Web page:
Buhari’s strongman policies frustrated stakeholders in the previous administration from openly funding Atiku for fear of corruption charges.

To turn the tide in his favour, Atiku should have implemented a roboust masses oriented fundraising programme.


As the incumbent, Buhari’s campaign was near unlimited in raising money, calling in favours or issuing political promissory notes. Individuals and corporate stakeholders who benefited from Buhari’s first term were always handy with suitcases full of cash.

Buhari also succeeded in raising big money from support groups and individual donors. The Rice Farmers Association of Nigeria (FIRAN) and Fertilizers Producers and Suppliers Association of Nigeria (FEPSAN) made a combined donation of N 1.77 billion to his campaign. The publicity given these donations was exploited to galvanize more voters to donate to the campaign.

Finally, ridding on back power of incumbency recruited Aliko Dangote and Femi Otedola with a combined worth of $14 billion. This incumbency apparently gave his ally, Bola Tinubu the freedom to ferry cash in bullion vans without interference.

4. Youth mobilisation

Nigerian youths constituted the bulk of registered voters during the 2019 elections. Roused from their indifference by the drop in age qualification for political officers, youths were naturally drawn to the presidential campaign.

With an overwhelming control of the internet, youths became influencers and shapers of the campaign narratives.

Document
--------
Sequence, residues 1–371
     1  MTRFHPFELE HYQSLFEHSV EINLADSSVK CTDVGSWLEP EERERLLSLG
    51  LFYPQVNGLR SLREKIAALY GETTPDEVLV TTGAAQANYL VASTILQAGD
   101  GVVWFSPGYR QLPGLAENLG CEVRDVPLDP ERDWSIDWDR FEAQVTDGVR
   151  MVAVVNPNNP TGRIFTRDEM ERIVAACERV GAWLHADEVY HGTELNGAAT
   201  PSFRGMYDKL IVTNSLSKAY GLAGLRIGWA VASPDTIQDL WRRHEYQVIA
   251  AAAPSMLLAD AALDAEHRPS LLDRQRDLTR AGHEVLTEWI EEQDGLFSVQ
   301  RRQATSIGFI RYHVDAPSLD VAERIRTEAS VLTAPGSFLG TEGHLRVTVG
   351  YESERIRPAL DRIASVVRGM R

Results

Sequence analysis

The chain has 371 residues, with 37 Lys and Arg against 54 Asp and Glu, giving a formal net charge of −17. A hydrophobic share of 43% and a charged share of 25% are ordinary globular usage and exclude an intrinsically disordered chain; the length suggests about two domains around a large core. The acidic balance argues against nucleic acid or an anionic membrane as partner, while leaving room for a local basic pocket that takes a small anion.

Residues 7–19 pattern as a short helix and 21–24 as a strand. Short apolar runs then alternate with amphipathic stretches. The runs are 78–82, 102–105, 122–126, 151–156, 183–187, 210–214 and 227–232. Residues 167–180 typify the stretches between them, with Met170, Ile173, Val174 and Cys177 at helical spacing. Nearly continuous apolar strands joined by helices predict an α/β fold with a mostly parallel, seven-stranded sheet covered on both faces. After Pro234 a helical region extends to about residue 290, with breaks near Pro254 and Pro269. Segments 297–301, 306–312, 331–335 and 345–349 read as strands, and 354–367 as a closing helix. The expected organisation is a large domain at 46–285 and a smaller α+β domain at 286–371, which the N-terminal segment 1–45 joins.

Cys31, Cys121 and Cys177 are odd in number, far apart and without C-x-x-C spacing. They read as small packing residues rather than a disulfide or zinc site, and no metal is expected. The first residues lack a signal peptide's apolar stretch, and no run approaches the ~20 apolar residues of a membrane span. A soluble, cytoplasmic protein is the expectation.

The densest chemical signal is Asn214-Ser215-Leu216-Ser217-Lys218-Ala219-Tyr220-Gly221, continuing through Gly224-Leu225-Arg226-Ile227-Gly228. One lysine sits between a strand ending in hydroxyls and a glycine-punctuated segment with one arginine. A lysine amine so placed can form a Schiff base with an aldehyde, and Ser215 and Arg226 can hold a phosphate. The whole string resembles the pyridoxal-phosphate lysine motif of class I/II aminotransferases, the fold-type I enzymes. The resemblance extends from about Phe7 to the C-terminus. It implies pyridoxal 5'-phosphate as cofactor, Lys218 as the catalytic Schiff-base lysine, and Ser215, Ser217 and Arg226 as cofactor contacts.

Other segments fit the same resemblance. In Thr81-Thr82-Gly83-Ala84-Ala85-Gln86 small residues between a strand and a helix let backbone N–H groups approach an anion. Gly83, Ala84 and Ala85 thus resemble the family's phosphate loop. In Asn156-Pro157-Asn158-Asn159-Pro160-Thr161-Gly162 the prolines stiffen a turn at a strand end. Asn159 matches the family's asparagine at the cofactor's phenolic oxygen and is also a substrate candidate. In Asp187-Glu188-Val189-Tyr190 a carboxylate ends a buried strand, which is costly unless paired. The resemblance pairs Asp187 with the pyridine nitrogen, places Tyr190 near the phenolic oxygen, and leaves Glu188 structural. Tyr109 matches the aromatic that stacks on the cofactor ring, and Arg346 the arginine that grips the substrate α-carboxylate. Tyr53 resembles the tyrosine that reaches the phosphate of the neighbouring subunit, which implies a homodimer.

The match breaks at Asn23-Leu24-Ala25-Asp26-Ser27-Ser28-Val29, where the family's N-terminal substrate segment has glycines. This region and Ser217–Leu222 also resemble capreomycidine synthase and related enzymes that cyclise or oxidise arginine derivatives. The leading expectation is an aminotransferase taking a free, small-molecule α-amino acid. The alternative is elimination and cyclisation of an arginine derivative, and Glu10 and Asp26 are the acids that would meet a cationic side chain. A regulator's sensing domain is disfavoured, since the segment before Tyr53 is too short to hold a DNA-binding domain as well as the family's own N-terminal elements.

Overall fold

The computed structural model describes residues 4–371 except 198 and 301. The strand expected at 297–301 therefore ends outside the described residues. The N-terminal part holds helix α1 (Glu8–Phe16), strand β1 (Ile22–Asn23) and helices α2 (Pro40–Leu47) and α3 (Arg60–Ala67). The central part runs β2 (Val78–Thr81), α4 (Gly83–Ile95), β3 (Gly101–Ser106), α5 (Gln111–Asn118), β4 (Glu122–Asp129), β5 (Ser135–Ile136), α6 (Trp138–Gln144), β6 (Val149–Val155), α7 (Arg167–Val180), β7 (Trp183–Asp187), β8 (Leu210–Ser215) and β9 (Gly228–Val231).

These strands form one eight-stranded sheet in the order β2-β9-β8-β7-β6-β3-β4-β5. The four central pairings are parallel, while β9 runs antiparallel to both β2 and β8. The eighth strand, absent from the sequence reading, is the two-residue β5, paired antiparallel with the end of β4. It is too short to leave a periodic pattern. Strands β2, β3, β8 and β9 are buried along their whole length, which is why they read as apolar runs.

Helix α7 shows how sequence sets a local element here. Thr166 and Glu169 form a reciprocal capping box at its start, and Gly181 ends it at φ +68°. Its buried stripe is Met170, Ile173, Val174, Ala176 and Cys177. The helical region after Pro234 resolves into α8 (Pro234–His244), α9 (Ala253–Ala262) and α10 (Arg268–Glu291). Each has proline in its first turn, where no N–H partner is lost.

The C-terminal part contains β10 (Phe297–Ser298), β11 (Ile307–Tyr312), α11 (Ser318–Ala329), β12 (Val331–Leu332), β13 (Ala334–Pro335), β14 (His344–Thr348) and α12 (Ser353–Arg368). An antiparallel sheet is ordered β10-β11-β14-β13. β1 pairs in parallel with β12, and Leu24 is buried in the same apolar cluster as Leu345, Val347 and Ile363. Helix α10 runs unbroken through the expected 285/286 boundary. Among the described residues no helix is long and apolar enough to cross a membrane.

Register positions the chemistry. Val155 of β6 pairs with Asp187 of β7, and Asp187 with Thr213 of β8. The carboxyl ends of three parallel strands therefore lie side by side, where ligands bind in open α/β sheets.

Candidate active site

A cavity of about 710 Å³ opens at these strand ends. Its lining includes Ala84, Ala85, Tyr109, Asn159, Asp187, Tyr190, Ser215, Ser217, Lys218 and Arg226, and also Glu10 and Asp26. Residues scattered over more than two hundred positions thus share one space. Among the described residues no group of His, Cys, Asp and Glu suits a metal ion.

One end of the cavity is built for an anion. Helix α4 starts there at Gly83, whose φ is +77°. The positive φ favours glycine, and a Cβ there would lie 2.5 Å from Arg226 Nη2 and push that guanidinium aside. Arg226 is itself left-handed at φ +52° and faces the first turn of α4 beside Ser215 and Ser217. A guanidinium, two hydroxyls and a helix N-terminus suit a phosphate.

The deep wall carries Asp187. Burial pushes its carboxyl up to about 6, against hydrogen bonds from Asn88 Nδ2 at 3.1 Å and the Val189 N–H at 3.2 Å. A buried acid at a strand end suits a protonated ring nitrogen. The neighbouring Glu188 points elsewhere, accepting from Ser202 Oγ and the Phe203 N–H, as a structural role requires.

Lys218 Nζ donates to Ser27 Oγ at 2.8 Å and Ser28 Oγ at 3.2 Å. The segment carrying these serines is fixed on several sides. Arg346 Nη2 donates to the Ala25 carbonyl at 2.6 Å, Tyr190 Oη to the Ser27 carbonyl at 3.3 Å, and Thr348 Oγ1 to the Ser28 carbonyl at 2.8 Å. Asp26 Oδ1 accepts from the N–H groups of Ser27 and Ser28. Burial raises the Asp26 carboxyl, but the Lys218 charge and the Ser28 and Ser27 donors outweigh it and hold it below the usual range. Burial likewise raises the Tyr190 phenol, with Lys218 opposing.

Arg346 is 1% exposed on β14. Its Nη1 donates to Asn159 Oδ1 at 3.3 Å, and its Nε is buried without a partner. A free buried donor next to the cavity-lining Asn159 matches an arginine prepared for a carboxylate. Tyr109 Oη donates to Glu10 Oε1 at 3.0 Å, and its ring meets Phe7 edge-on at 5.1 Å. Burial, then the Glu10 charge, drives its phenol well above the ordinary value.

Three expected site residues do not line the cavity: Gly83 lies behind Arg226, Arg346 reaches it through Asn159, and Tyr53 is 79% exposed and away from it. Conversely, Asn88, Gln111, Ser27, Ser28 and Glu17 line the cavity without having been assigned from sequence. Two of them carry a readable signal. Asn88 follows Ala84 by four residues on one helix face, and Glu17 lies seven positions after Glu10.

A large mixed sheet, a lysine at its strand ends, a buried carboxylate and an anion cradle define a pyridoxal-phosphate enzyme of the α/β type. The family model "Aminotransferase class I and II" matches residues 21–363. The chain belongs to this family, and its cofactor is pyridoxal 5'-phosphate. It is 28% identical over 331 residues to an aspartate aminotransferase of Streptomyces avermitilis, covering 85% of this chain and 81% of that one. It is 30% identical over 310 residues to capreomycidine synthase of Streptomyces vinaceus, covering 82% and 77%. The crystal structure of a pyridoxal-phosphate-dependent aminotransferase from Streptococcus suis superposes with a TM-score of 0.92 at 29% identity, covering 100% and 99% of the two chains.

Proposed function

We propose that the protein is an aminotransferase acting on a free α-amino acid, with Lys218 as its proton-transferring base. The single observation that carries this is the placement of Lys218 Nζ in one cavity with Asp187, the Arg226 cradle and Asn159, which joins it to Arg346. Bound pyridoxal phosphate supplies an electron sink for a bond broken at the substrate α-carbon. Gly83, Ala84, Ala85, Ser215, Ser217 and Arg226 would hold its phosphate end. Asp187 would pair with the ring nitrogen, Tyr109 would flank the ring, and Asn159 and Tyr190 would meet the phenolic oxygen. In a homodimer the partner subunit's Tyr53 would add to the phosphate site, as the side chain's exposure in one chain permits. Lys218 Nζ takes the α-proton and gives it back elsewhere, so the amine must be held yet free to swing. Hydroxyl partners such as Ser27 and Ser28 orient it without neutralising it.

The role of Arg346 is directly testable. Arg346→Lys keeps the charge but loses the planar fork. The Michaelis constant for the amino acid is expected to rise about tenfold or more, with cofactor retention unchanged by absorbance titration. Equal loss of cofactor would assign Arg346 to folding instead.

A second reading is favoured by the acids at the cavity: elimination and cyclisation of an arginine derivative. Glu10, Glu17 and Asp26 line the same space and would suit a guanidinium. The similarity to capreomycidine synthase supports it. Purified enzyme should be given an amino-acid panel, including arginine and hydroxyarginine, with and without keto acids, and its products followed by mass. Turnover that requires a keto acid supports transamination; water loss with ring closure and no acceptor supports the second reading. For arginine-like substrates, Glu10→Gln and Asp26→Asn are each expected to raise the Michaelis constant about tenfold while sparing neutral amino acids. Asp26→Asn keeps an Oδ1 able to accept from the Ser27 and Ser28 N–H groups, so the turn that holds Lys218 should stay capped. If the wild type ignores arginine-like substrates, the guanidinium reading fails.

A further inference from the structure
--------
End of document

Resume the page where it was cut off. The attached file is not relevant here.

Atiku had great success in mobilizing youths to his cause despite his age. Youths who were exasperated with Buhari’s older hands at the helm of affairs rallied around the Atiku’s campaign.

Atiku further strengthen his youth base by promising 35% of cabinet positions to youths and women. Youth-based volunteer groups sprang up across the country, driven by both undergraduate and graduates.

However, Atiku failed to utilize the now infamous “lazy youths” comment by Buhari as an effective negative advert. In reaching out to youths, Atiku and his team should have contrasted with Buhari’s attitude towards Nigerian youths by holding them out as innovative, educated and hardworking.

Atiku should have increased his youth base by appointing youths to leadership positions in his central council, rather than resorting to old, tried and obviously tired hands.


After taking power with the help of young voters, Buhari broke faith with them. His numerous public slips scandalized his youth base particularly educated ones.

Many youths found it hard to expect any change of attitude from the president after he labelled them “lazy” at the international stage. Buhari further alienated youths by his attempt to censure social media which serves as a communication tool of choice for most youths.

Like his cabinet, Buhari’s campaign team was dominated by older hands that did all they could to keep the campaign on a conservative footing. The dull and often slow-pace of Buhari’s government operated to reduce his youth base.

That is not to say that Buhari was without youth support. He was still able to retain a reasonable youth support in several states in Northern Nigeria were he enjoys an infallible cult of personality.